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Fair lending keeps morphing

When banks with “Satisfactory” CRA ratings wind up in fair-lending trouble, what makes sense?

Fair lending keeps morphing

When Jim Bedsole compares fair-lending laws and the Community Reinvestment Act to Dr. Seuss’ “Thing 1” and “Thing 2,” it’s not because the veteran compliance officer wants to lighten the mood. He’s trying to portray the confusing and uncomfortable—and at times surreal—position that banks increasingly appear to find themselves in when examined for both types of compliance.

In Seuss’ The Cat In The Hat, the two Things are impish twin creatures in red jumpsuits who create pandemonium in the home of two children, in the course of helping the uninvited Cat to “entertain” the kids. In compliance, the two bodies of law, although connected, are supposed to be distinct. Simultaneously, the enforcement of both has grown further apart and yet closer.

In some ways, Bedsole and other speakers at a panel on the interplay of the two laws at the recent American Bankers Association Regulatory Compliance Conference portrayed a situation where these two regulatory “things” wreak their own havoc.

Bedsole, senior vice-president and chief compliance and risk officer at BankSouth, pointed out that CRA’s intent is to be sure banks are meeting the credit needs of their assessment areas. And most institutions obtain either a “Satisfactory” or “Outstanding” rating. Continuing, he pointed out that fair-lending performance is one of the components of a CRA exam. And there is evidence that fair-lending concerns can lower preliminary CRA ratings.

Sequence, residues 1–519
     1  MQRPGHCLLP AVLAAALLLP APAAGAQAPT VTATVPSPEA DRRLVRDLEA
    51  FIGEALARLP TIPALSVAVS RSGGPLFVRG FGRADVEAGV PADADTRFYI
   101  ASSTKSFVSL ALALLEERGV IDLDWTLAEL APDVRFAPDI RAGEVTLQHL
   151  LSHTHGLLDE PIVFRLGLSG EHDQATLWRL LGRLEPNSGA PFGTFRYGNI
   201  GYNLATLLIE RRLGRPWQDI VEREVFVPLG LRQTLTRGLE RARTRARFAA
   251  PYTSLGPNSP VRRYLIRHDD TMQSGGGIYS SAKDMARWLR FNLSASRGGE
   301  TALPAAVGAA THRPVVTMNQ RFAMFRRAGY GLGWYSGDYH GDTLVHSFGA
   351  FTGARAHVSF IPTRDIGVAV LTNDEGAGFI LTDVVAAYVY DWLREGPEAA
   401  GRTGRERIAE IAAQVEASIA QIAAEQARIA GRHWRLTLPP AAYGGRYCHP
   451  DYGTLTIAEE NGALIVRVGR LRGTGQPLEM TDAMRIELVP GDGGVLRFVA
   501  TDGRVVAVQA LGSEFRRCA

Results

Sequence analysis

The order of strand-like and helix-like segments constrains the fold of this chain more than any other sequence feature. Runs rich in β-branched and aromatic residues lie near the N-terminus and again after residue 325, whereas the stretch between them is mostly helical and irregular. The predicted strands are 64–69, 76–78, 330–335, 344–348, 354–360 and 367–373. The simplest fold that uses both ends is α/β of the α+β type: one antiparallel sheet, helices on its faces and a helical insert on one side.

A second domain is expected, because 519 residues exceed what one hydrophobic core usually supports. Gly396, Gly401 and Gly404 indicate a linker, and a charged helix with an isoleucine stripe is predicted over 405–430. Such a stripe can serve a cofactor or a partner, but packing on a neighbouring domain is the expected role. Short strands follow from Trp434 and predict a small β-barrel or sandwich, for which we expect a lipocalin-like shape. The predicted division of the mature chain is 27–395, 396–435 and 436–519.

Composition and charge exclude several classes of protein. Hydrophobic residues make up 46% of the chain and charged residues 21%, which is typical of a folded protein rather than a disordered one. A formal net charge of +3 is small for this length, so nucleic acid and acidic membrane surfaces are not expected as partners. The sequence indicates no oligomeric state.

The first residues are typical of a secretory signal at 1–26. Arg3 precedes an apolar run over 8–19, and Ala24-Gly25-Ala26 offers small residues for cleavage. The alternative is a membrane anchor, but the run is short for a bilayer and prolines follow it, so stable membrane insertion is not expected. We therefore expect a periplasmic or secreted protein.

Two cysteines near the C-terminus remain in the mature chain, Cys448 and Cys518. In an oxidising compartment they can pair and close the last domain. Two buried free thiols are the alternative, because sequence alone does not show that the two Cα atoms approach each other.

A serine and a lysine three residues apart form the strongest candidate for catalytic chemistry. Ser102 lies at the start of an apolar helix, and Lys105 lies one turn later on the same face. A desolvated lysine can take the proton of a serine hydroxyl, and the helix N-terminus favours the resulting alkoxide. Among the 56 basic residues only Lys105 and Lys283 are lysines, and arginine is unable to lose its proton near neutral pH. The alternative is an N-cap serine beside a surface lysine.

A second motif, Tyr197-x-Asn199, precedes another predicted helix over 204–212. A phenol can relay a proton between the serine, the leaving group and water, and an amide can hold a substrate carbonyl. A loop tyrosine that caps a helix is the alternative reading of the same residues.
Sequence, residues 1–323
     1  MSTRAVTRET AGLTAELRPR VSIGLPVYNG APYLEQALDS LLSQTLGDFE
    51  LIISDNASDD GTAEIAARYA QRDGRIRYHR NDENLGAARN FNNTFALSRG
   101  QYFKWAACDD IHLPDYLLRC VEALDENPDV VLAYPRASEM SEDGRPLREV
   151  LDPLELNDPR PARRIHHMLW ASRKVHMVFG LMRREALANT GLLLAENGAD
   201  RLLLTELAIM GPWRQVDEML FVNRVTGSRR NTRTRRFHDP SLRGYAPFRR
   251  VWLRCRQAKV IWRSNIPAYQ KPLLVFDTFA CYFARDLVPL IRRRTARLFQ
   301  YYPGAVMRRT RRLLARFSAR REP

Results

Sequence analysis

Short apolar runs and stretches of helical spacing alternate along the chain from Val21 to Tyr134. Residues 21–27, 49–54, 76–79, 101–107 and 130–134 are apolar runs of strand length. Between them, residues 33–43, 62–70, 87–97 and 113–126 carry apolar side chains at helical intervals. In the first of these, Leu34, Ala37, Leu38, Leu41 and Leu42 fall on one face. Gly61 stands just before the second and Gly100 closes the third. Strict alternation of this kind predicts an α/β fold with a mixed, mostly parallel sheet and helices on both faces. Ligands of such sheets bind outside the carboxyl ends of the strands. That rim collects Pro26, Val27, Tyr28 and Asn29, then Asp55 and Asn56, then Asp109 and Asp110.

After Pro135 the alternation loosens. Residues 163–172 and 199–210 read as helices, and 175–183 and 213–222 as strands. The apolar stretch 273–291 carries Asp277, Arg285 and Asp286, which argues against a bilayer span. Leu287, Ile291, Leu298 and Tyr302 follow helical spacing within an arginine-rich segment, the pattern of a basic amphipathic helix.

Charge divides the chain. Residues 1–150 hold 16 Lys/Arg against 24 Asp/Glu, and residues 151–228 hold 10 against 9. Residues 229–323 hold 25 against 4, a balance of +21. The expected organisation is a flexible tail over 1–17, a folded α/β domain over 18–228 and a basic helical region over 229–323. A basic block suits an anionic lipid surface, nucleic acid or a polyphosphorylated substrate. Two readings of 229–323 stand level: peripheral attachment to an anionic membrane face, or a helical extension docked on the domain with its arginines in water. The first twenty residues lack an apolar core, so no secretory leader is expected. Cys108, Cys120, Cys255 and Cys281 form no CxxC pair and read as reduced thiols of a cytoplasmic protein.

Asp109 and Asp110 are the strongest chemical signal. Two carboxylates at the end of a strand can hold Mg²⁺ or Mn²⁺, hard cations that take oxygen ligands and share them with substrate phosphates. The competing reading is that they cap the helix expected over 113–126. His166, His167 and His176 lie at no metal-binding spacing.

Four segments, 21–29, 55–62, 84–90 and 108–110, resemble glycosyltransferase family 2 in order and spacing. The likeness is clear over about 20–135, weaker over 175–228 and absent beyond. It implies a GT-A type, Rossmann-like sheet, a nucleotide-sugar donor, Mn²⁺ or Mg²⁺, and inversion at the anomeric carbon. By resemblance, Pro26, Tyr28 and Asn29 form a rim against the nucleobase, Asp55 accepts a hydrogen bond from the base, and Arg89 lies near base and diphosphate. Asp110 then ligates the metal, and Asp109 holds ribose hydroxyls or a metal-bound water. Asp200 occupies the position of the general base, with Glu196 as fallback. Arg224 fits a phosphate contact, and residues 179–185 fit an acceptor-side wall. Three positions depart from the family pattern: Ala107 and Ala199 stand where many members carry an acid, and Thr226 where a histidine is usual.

Something odd going on?

Yet in the six most-recent redlining cases announced by the federal government at the time of the June conference, each bank had obtained a “Satisfactory” rating, pointed out fellow panelist Brian McCormally, partner specializing in fair-lending cases at Arnold & Porter LLP. McCormally said that all federal regulatory definitions of redlining define the term as a form of disparate treatment, implying discriminatory behavior, rather than a form of disparate impact, where the end result of behavior is perceived as discriminatory even if there was no overt act of discrimination.

The situation grows stranger. Increasingly, purchased loans do not bring a bank any credit toward fair-lending performance, leaving only loans originated and held by that institution as qualifying, for example. This is so, McCormally said, even though for some organizations loan purchase is the only effective means of penetrating a market in order to bring credit to a neighborhood.

McCormally reviewed several recent settlements, and pointed out where things didn’t appear to line up. For example, he represented $35 billion-assets Hudson City Savings Bank, which settled with the Department of Justice and the Consumer Financial Protection Bureau for $32.8 million in September 2015.